It was a big night in the Baltimore City Council chambers, as lawmakers approved new measures adopting a citywide Complete Streets transportation framework, raising taxes on property sales to fund affordable housing and mandating that most places with public bathrooms add diaper-changing facilities. The council also approved a shift of $21 million to pay for the Baltimore Police Department’s overruns on overtime from 2017, even as five of the 15 members opposed the move.
Also last night, a measure changing Baltimore’s fire code–passed by the council months ago–took effect, despite a lack of a signature from Mayor Catherine Pugh.
While the mayor typically signs or vetoes a bill after it’s passed by the council, legislation can still be enacted without a signature “if the mayor fails to sign the bill within three regular Council meetings,” legislative procedures say. The third such meeting was last night.
Sponsored by Councilman Ryan Dorsey and passed by the council in August, the bill changes Appendix D of Baltimore’s fire code to sub in more flexible language concerning required street clearances for fire trucks. The measure was the end result of more than a year of clashes between firefighters and cycling advocates.
The disagreements began in spring 2017 with community outcry and a subsequent redesign of Canton’s Potomac Street cycle track. Thereafter, cycling advocates and developers said the Baltimore City Fire Department started vetoing cycling infrastructure and other projects at the Planning Department’s Site Planning Review Committee. The agency was turning them down, arguing the plans sacrificed too much street width for tillers and other equipment to operate comfortably, posing a threat to public safety.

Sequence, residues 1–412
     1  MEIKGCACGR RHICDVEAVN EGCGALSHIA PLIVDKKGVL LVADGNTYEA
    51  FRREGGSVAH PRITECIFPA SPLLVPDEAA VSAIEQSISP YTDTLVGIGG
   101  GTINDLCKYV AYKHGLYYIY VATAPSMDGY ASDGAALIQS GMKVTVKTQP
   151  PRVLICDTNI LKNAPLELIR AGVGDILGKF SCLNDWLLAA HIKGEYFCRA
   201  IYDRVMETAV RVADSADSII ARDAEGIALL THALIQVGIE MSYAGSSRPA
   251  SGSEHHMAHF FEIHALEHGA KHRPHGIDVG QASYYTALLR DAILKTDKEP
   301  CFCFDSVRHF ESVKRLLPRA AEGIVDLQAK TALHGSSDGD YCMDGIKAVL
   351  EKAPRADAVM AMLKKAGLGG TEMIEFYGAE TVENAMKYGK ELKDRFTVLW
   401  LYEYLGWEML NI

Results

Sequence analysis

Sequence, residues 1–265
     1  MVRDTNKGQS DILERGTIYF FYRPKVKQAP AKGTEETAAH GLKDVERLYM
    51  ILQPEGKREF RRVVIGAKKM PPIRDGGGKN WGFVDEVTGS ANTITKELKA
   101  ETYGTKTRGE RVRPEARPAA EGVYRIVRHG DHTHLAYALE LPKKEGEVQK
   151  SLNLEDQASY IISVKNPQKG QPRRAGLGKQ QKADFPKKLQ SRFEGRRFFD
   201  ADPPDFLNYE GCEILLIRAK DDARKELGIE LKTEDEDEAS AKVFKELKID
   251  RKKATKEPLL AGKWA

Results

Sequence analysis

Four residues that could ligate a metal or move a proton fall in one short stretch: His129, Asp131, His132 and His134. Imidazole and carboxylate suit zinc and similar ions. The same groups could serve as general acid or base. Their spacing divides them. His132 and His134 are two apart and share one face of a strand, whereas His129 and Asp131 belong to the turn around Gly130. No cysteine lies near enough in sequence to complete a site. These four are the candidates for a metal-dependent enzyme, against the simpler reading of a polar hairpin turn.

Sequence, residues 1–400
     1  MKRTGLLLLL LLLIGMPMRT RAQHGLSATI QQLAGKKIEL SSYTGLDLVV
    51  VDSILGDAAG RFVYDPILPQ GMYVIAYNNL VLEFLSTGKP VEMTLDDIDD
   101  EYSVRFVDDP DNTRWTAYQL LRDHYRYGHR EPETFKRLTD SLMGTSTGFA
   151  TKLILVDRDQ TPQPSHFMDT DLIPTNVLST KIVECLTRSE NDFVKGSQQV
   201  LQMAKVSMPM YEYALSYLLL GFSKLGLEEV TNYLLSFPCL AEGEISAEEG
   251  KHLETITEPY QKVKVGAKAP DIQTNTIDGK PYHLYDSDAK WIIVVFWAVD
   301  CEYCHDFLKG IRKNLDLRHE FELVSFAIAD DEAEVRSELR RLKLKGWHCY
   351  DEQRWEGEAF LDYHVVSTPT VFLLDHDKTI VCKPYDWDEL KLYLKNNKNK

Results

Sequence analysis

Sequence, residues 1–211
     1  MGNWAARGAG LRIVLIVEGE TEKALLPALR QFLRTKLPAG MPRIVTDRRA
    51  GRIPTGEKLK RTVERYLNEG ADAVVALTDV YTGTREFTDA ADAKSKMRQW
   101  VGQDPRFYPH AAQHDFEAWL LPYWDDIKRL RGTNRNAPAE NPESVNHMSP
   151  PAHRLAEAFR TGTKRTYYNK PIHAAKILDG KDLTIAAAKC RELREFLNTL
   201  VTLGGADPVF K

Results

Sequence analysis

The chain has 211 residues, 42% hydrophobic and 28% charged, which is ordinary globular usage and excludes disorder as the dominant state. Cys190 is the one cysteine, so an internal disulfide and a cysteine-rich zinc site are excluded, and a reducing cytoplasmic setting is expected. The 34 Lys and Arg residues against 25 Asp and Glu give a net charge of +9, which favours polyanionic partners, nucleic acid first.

Responding to complaints from cyclists, developers and pedestrians, Dorsey this year introduced the bill to change the fire code to follow Complete Streets guidelines, used in other pedestrian-catering major cities around the country. He and other council members gave the department a chance to work more cooperatively with cycling advocates and developers, saying they wouldn’t alter the fire code if BCFD could compromise with other parties.
It didn’t pan out. The department responded by making a home movie further pleading its case for why bike lanes are disruptive for firefighters. The video drew the ire of council members, and the ordeal ended with the City Council passing the fire code law in August, anyway.
It then sat on the desk of Mayor Catherine Pugh, who could sign or veto the legislation. She did neither; when Baltimore Fishbowl reached out multiple times to ask what she would do, Pugh spokesman James Bentley said she was still reviewing the bill and hadn’t made a decision. “Her only stance is that she wants to ensure citizens are able to reside in those neighborhoods safely,” Bentley said in August.
Reached by email today, he confirmed the bill became law yesterday, and “is on its way to treasury to get an ordinance number.”
The change, welcomed by advocates for reforming Baltimore’s aged, car-centric transportation infrastructure, comes weeks after the Department of Transportation announced a light at the end of the tunnel (early 2019) for finishing the long-delayed Downtown Bicycle Network, and as the agency now prepares to set a Complete Streets-focused design framework for Baltimore’s roads that should cater more to pedestrians and public transit users.
Dorsey has also introduced legislation that would reduce general maximum speed limits for city roads, in line with the traffic-calming Complete Streets guidelines. The bill remains with the Land Use and Transportation Committee.
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